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Table B17. Intakes of DU (from time of initial deposit) for all age groups calculated using the dust-loading approach Intake (g) Exposed age group Integration period (years) Best estimate Worst case Infant 10 3.14 x 10-5 6.27 x 10-4 50 3.44 x 10-5 6.88 x 10-4 Child 10 9.19 x 10-5 1.84 x 10-3 50 1.01 x 10-4 2.02 x 10-3 Adult 10 1.06 x 10-4 2.13 x 10-3 (female) 50 1.17 x 10-4 2.33 x 10-3 10 2.08 x 10-4 4.15 x 10-3 Adult (male outdoor worker) 50 2.28 x 10-4 4.55 x 10-3 B6.3 Uncertainties in intake estimates The uncertainties in the estimates of intake are at least two to three orders of magnitude. The reasons for these uncertainties are discussed below. B6.3.1 Resuspension factor approach The resuspension factor approach is useful in localised situations for characterisation of the relationship between surface and airborne contamination. In practice, however, there are no homogeneously contaminated surfaces, and the airborne concentration is a sum of the local resuspended contamination and contamination carried from upwind resuspension (Smith et al 1982), minus that carried away by the wind. Another deficiency is that resuspension factors are applicable only for the conditions for which they were determined. In a recent paper (Garger et al 1997) it was found that even where local conditions such as vegetative cover and climate were taken into account, the calculated values of K might differ from measured values by over one order of magnitude. In that study, uncertainty in K has been found to reach two to three orders of magnitude for calculations where K has been determined in a generic way, such as in this study. The large uncertainty in the resuspension factor approach is the resuspension at time zero, i.e. K(0), which can range from 10-9 to 10-5 m-1 (Linsley 1978). In the resuspension factor approach adopted here, K(0) is assumed to be 10-6 m-1, indicating that while the intake calculation may be two to three orders of magnitude lower than calculated, it is unlikely to be more than two orders of magnitude higher than calculated. Several studies (Garland et al 1992; BIOMOVS II 1996; Garger et al 1999) have been carried out to test existing resuspension models against experimental data. In each of these studies, Garland’s resuspension factor has been found to overpredict the resuspended air concentration. Another source of uncertainty is transport of resuspended material from the contaminated area. This has not been modelled here. Studies (Garger et al 1998; Underwood 1990) indicate that small particles (less than 20_m) may travel distances greater than one km after undergoing mechanical resuspension under particular atmospheric conditions. Therefore transportation of resuspended material may reduce the predicted air concentration in the contaminated area, if surrounded by a less contaminated area.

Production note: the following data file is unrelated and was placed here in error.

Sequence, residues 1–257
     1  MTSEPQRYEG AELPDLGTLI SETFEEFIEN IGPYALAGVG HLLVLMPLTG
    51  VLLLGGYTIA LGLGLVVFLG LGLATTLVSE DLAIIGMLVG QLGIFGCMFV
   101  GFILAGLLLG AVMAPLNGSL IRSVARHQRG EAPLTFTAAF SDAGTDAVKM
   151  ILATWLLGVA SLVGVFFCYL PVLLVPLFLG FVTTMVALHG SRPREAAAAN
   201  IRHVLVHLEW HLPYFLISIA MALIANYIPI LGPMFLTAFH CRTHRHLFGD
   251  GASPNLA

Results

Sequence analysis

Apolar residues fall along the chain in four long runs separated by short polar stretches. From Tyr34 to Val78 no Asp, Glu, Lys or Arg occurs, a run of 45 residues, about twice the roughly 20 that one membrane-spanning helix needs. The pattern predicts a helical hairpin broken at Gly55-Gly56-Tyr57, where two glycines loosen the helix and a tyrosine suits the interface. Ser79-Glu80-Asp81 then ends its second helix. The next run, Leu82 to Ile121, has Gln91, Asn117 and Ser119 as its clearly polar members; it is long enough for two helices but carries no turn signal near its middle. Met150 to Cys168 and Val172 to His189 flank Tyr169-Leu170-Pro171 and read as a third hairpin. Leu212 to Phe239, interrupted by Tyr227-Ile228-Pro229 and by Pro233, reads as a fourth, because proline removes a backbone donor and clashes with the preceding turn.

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B6.3.2 Dust-loading approach
There are several areas of uncertainty in the dust-loading approach: (1) uncertainty in the migration of radionuclides through the soil column; (2) uncertainty in the effective thickness of the superficial layer of dust; (3) uncertainty in the homogeneity of the dust layer; and (4) uncertainty in the choice of the mass concentration (SE) of dust. Each of these areas of uncertainty contributes to the total uncertainty, but (1) and (4) combine to produce possible uncertainty of several orders of magnitude. B6.3.3 Other uncertainties Uncertainties in other parameters used to calculate intake will all contribute to uncertainty, but will not be as large as those discussed in Sections B5.1 and B5.2. The occupancy rates and indoor/outdoor concentration ratio can only vary between zero and one, Rscale is inherently considered in Section B5.1 and the uncertainty on inhalation rates is expected to be substantially lower than one order of magnitude. Therefore, the other uncertainties are very low compared with the uncertainties associated with the calculation of the resuspended air concentration.
Anspaugh L R, Shinn J H, Phelps P L & Kennedy N C (1975). Resuspension and redistribution of plutonium in soils. Health Physics 29, 571-582 BIOMOVS II (1996). Atmospheric resuspension of radionuclides: model testing using Chernobyl data. BIOMOVS II Technical Report No 11. Swedish Radiation Protection Institute: Stockholm, Sweden Brown (1989). Sheltering in the event of an accident. Atom 389, 17–19 Brown J & Simmonds J S (1995). FARMLAND. A dynamic model for the transfer of radionuclides through terrestrial foodchains. NRPB-R273. HMSO: London Cohen B L (1977). Hazards from plutonium toxicity. Health Physics 32, 359–379 Garger E K, Hoffman F O & Thiessen K M (1997). Uncertainty of the long-term resuspension factor. Atmospheric Environment 31, 1647–1656 Garger E K, Hoffman F O, Thiessen K M, Galeriu D, Kryshev A I, Lev T, Miller C W, Nair S K, Talerko N & Watkins B (1999). Test of existing mathematical models for atmospheric resuspension of radionuclides. Journal of Environmental Radioactivity 42, 157–175 Garger E K, Paretzke H G & Tschiersch J (1998). Measurement of the resuspended aerosol in the Chernobyl area. Radiat Environ Biophys 37,201–208 Garland J A (1979). Resuspension of particulate material from grass and soil. AERE-R 9452: London Garland J A (1982). Resuspension of particulate material from grass. Experimental programme 1979–1980. AERE-R 10106: London
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Garland J A, Pattenden N J & Playford K (1992). Resuspension following Chernobyl. In Modelling of resuspension, seasonality and losses during food processing. First report of the VAMP Terrestrial Working Group, IAEA-TECDOC-647. International Atomic Energy Agency: Vienna Haywood S M & Smith J (1990). Assessment of the potential radiological impact of the residual contamination in the Maralinga and Emu areas. NRPBR237. HMSO: London ICRP (1994). Human Respiratory Tract Model for Radiological Protection. ICRP Publication 66. Annals of the ICRP 24 (1-3). Elsevier Science Ltd: Oxford Linsley G S (1978). Resuspension of the transuranium elements - a review of existing data. NRPBR75. HMSO: London Müller H, Gering F & Pröhl G (1999). Model Description of the Terrestrial Food Chain and Dose Module FDMT in RODOS PV4.0. RODOS(WG3)-TN(99)17. Robinson C A (1996). Generalised habit data for radiological assessments. NRPB-M636. National Radiological Protection Board: Chilton Smith W J, Whicker F W & Meyer H R (1982). Review and categorisation of saltation, suspension and resuspension models. Nuclear Safety 23, 685–699 Stewart K (1964). The resuspension of particulate material from surfaces. In Surface Contamination (ed Fish B R), pp. 63–74. Proceedings of a Symposium at Gatlinburg, Tennessee, June 1964. Pergamon Press: Oxford
Underwood B Y (1990). The dispersion of radioactive material resuspended in the atmosphere. AEA-SRD Report. Wilkins B T, Simmonds J R & Cooper J R (Project Managers) (1994). Assessment of the present and future implications of the radioactive contamination of the Irish Sea coastal region of Cumbria. National Radiological Protection Board. NRPB-R267. HMSO: London